The Hollywood Reporter's Scores

For 1,541 reviews, this publication has graded:
  • 52% higher than the average critic
  • 3% same as the average critic
  • 45% lower than the average critic
On average, this publication grades 4 points lower than other critics. (0-100 point scale)
Average TV Show review score: 61
Highest review score: 100 Guerrilla
Lowest review score: 0 Mixology: Season 1
Score distribution:
  1. Mixed: 0 out of 823
  2. Negative: 0 out of 823
823 tv reviews
  1. It is, flat out, one of the most intriguingly entertaining new series of the year, and it’s so much more than pure entertainment. For a sci-fi series, there’s some real heft to it.
  2. Bringing [Saul and Carrie] to the forefront and giving them a lot of scenes in the first two episodes has strengthened the series. The writing and acting in the first two episodes are exceptional. Let’s hope this continues, because it’s once again thrilling to watch this show.
  3. There are more than a few well-made dramas this season, but "Studio 60" -- with its intelligent dialogue, ironic humor, brilliant acting and Schlamme's inspired direction -- lays claim to being the most exciting new show of the season.
  4. Early episodes of season four are as compelling and entertaining and as well-written and acted as they have been for the past three, which is a tremendous achievement (particularly if it holds--which is likely, but not guaranteed).
  5. What makes the disturbing story gripping, beyond Oyelowo’s spellbinding performance, is its humor, defining compassion and incisive imagery.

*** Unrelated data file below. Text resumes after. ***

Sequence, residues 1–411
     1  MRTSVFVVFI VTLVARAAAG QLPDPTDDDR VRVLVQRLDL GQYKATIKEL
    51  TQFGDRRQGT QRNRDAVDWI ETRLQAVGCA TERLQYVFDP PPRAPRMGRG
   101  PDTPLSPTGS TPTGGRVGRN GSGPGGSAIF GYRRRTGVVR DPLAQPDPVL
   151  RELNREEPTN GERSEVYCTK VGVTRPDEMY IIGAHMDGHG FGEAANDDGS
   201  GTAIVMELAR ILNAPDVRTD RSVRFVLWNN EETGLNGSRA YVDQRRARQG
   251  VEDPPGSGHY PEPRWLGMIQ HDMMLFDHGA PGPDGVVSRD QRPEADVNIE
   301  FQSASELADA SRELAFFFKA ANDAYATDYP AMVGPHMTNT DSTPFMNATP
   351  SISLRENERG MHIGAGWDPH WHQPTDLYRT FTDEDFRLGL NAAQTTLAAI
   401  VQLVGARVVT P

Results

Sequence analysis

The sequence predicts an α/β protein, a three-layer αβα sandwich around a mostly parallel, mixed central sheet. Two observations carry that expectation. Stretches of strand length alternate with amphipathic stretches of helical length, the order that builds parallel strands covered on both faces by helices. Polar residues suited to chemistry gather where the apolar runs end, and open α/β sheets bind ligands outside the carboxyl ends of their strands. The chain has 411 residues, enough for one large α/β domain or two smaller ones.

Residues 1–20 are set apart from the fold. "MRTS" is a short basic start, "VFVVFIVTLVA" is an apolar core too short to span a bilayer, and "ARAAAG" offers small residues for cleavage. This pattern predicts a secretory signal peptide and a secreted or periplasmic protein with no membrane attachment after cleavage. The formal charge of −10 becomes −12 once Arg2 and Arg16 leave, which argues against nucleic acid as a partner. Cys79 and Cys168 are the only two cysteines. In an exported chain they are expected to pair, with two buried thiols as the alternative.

6. A bracingly nasty blast, even doubling-down on the gloom and doom in intriguing ways.
  7. Unhurried but amply rewarding, Olive Kitteridge is an all-around class act and a credit to everyone concerned.
  8. It’s a pleasure to watch, and the weaving of the narrative thread is a thing of beauty.
  9. It isn't as groundbreaking as it would have itself taken. However, in terms of presenting a strong portrayal of cop work out on the urban landscape, the project (inspired by David Simon's "Homicide: A Year on the Killing Streets") hits with compelling conviction. [29 Jan 1993]
    • The Hollywood Reporter
  10. What makes Rectify so rich and compelling are the choices it makes to avoid predictability--not just in its bold choice of immersive pacing, but because it puts characters (and complicated ones) into what feels like a familiar story and makes it seem new.
  11. Mad Men stays relevant and exciting by moving forward.
    • 75 Metascore
    • 90 Critic Score
    If anything, "Home Improvement" promises to be even more impressive in this, its sophomore year. ... Across the board, the show's stars have found greater comfort in their characters and are able to give them an easy, believable air and friendliness. [16 Sep 1992]
    • The Hollywood Reporter
  12. UK remakes the script in its own, veddy British image and comes up with a vibrant, layered, insightful look at how the system breaks down no matter what the metropolis.
  13. Every actor nails their lines, which keeps Veep moving at a brisk pace. In fact, the episodes seem to end so quickly, you'll wish they lasted an hour.
  14. Episodes, which got uproarious laughter in cut-down form at the Television Critics Assn. press tour in July, does not disappoint an ounce as it rolls through a seven-episode season. It also signals a savvy return to television for LeBlanc, who manages to be the butt of the joke one moment then hilariously likable the next.